Approval time for GM crops and pesticides 'is critically short'

  • Print
  • Share
  • Comment
  • Save

After a two-year study identified a “shockingly” increased risk of cancer in rats exposed to the world’s biggest-selling weedkiller, and a GM maize crop resistant to it, The Sustainable Food Trust has called for a change in the regulatory approval process.

In the first-ever study to examine the long-term effects of Monsanto’s Roundup weedkiller and NK603 Roundup-resistant GM maize, scientists found that rats exposed to even the smallest amounts developed mammary tumours and severe liver and kidney damage.

The study revealed a fundamental weakness in the current regulatory approval process, which dates back to the 1940s, said Patrick Holden, founder of The Sustainable Food Trust.

“The research exposes a critical deficiency. The short duration of the required feeding trials fails to identify the long-term consequences of consuming these crops,” he added.

Mustafa Djamgoz, professor of cancer biology at Imperial College agreed. “A firm takeaway message for the regulatory bodies is that pesticides and crops have got to be evaluated and tested over longer periods,” he said.

The GM maize was rubber-stamped by EFSA in 2009 under the current 90-day approval process. However, rats live for 700 days, and the two-year study found that the first tumours were only diagnosed after four months.

Up to half the male rats and 70% of females died prematurely, compared with 30% and 20% in the control group. Across both sexes, rats that were fed Roundup in their water, or NK603 maize, developed two to three times more large tumours than the control group.

By the beginning of the 24th month, 50% to 80% of females in all treated groups had developed large tumours, with up to three per animal.

The study, published in Food and Chemical Toxicology, was described by Dr Michael Antoniou, molecular biologist at King’s College London, as “the most thorough research ever published into the health effects of GM food crops and the herbicide Roundup on rats”.

Monsanto promised to thoroughly review the study. EFSA said it would consider the paper,

However, some academics and pro-lobby groups criticised it. “The methods, stats and reporting of results are well below the standard I would expect,” said Prof David Spiegelhalter, a professor of risk at the University of Cambridge.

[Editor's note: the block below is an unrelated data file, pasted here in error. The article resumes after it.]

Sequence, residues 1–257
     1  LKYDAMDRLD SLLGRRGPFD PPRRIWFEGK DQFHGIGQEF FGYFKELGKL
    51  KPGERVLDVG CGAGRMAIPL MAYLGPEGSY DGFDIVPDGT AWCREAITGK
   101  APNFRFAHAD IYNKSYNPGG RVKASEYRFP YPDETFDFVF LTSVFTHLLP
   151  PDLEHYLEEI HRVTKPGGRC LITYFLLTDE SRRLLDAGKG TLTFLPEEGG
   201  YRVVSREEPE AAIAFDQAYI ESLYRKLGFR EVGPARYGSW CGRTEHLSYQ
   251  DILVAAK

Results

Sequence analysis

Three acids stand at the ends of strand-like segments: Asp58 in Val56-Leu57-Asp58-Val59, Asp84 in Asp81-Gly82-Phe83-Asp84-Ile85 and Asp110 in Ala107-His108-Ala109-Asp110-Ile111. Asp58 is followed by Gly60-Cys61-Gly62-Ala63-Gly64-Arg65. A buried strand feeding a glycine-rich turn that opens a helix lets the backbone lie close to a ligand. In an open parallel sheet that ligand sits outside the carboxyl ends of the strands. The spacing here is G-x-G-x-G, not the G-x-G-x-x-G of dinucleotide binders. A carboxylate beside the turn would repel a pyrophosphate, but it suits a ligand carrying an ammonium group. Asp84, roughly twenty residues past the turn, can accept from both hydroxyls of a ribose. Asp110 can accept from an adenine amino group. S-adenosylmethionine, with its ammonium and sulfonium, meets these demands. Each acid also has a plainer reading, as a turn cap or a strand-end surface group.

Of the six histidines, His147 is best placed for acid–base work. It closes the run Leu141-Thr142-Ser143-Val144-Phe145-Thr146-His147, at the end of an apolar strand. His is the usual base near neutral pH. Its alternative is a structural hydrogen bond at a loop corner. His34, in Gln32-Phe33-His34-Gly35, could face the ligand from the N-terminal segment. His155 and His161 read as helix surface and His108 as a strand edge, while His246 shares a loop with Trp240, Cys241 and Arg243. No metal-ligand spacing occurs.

“This strain of rat is prone to mammary tumours,” added Prof Tom Sanders, head of nutritional sciences research at KCL.

Have your say

These comments have not been moderated.

You are encouraged to participate with comments that are relevant to our news stories. You should not post comments that are abusive, threatening, defamatory, misleading or invasive of privacy. For the full terms and conditions for commenting see clause 7 of our Terms and Conditions ‘Participating in Online Communities’. These terms may be updated from time to time, so please read them before posting a comment.

Any comment that violates these terms may be removed in its entirety as we do not edit comments.

If you wish to complain about a comment please use the “report this comment” facility or email


Related images

  • Approval time for GM crops and pesticides 'is critically short'
  • Print
  • Share
  • Comment
  • Save
Sign in

Newsletter Sign-up


I wish to receive the following newsletters:

For Members

Become a Gold Member to receive these newsletters:

Become a Finance Member to receive these newsletters:

Become a member of The Grocer



CLICK HERE to search for the products, services and companies you need in the definitive guide to the UK food and drink industry.


The Grocer's commentators and opinion makers